Most Saturdays on campus are marked by low productivity, laziness and the occasional social disturbance, but this past Saturday was an exception to the rule. Academics took precedence as people gathered for a special event at Oakes College to discuss migrant labor brokers.
The Bodies, Brokers, and Borders conference caused a stir this past Saturday, April 3 by Steve McKay, researcher and UC Santa Cruz assistant professor of sociology. The conference had been a long time coming, and McKay — as organizer — was excited for its arrival.
McKay said he wanted to have the conference because it was a rare chance for these speakers to meet and discuss their topic of passion: labor brokers as a means through which migration happens.
“There aren’t a lot of people who do research on the actual brokers themselves … when I got the chance to hold a conference, I wanted to learn something new,” McKay said. “In a way it [was] sort of selfish.”
This self-proclaimed selfishness led McKay to begin organizing this event in the summer of last year. He said he loved the topic because it is relatable to every person around the world.
“We see it in the recession that the whole labor market is changing,” he said. “I have a secure job, and that used to be normal, but in this new economy I have an exceptional job, and the normal is actually the precarious.”
He expressed that more and more people find themselves in low-end jobs selling their labor for less.
This change in the market leads people to migrate to different countries in order to send remittances, or extra allowance, back to their families and secure their income.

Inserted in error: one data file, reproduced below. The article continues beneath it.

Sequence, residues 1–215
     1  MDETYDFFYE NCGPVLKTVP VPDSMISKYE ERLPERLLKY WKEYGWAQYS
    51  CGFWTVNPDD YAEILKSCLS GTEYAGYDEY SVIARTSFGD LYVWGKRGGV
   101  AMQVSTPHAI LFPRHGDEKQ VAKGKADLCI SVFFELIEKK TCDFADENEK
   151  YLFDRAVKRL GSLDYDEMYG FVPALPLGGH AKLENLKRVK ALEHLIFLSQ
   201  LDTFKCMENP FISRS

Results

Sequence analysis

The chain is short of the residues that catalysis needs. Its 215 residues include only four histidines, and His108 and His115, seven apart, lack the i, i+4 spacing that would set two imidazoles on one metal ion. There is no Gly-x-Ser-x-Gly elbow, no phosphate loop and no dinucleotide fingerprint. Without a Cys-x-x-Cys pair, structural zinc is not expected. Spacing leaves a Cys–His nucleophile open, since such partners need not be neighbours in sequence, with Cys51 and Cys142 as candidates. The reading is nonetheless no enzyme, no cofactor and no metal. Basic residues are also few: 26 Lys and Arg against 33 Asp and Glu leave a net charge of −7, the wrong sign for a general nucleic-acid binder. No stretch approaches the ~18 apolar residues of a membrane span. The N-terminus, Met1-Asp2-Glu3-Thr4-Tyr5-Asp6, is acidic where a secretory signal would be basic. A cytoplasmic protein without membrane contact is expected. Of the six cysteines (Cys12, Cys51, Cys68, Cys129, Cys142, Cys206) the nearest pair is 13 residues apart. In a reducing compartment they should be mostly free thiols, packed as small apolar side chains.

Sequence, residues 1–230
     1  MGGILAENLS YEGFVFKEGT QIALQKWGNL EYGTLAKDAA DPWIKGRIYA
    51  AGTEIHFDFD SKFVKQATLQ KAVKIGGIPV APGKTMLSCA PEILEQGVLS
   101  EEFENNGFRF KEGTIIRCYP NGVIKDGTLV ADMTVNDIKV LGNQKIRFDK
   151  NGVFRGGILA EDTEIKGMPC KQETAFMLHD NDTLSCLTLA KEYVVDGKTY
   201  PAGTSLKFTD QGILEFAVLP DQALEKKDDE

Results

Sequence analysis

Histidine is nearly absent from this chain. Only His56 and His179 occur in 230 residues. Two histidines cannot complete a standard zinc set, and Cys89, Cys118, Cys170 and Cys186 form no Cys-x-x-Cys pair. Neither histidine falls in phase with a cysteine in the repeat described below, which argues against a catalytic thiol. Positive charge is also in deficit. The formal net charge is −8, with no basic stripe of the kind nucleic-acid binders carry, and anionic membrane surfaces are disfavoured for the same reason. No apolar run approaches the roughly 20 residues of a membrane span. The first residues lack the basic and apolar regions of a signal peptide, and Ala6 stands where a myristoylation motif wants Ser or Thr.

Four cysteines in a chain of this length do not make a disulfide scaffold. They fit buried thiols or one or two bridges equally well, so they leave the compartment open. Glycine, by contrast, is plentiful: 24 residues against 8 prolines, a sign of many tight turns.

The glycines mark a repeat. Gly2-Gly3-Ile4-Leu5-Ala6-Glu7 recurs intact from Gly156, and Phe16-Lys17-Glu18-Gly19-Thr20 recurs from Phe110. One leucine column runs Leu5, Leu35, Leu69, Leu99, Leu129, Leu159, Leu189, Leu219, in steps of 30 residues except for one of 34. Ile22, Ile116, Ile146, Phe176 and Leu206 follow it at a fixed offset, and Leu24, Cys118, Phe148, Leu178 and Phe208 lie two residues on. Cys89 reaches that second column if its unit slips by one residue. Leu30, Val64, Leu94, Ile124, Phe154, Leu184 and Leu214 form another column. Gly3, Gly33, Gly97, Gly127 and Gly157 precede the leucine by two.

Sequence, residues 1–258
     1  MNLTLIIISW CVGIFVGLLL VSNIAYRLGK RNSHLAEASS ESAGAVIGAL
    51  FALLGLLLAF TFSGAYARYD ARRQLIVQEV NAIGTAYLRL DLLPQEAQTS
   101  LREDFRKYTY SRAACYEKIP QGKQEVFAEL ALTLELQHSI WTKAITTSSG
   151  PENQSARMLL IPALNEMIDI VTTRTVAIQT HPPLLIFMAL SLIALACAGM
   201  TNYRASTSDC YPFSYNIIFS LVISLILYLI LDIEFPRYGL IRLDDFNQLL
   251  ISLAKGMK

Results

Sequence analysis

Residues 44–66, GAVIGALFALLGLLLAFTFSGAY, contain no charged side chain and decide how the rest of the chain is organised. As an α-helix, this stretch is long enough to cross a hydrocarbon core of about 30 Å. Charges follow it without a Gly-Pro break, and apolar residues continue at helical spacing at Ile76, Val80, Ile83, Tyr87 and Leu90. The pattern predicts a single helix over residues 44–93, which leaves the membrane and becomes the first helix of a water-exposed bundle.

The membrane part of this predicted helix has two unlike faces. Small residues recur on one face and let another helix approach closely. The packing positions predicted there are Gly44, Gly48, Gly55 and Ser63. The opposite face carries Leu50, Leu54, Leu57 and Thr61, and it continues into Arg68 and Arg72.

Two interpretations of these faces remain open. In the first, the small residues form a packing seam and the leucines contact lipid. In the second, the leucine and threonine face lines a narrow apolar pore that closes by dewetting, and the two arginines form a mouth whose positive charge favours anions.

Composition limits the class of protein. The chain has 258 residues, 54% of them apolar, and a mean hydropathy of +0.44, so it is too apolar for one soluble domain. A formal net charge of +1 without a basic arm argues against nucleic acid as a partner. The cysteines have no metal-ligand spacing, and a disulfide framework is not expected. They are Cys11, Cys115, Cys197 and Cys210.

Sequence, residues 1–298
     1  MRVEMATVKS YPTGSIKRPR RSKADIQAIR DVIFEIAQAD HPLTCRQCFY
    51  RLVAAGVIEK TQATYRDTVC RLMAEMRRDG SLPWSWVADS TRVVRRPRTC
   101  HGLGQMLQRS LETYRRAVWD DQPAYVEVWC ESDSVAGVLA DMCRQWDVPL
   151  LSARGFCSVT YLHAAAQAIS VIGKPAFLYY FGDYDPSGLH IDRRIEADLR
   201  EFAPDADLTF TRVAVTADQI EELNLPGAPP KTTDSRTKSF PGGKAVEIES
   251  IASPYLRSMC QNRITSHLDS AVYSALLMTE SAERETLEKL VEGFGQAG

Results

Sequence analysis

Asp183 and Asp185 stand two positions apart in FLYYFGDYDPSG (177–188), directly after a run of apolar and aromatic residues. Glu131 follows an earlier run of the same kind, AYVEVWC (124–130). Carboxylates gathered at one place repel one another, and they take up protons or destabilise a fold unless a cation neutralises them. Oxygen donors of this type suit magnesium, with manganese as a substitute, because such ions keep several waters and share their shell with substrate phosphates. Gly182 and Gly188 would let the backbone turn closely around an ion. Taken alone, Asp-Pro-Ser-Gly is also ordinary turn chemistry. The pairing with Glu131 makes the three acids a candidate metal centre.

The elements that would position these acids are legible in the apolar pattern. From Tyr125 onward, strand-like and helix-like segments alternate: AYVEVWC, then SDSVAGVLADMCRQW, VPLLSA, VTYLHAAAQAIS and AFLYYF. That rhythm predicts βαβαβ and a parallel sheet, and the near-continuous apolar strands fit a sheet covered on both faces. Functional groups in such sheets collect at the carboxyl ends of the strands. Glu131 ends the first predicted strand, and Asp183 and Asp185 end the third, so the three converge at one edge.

Labor brokers match jobs to workers in every field from construction to health care. Conference attendees met to discuss the role of brokers, questioning whether they are key players in the labor industry or simply another vehicle for exploiting migrant workers.
The first speaker of the day, Robyn Rodriquez, drew on this point to say that the Filipino state encourages workers to work overseas because of the income they produce and send back to their home country and family.
“The state is a broker,” Rodriquez said. “[This] transnational migration apparatus facilitates and normalizes migration.”
Overall, she said, 10 percent of Filipinos are overseas, and they send back about $16 billion in remittances every year. The state benefits immensely from this, and so it encourages its people to do this kind of work, especially through propaganda.
“The state essentially changes the meaning of what it is to be a Filipino,” Rodriquez said.
But the Philippines aren’t the only place where this has happened. The second speaker of the day, Rob Saper, recognized the same transnational migration in a huge influx of Ecuadorians moving to Spain in the years between 1998 and 2005.
“They came in as tourists and then contracted work,” he said.
Saper put more of an emphasis on the negative aspects of the state as this move takes place.
“What’s at stake when we look at this is that it threatens the sovereignty of the state,” Saper said.
In addition to simply addressing these issues, McKay said that another reason for the conference in Santa Cruz was to provide local day labor organizers with a chance to collaborate with academics who have a somewhat different perspective.
“It connects local organizers to people who know what it looks like on a national level,” McKay said. “This collaboration is so important. This is a huge structural change in how labor markets work … and it impacts people most.”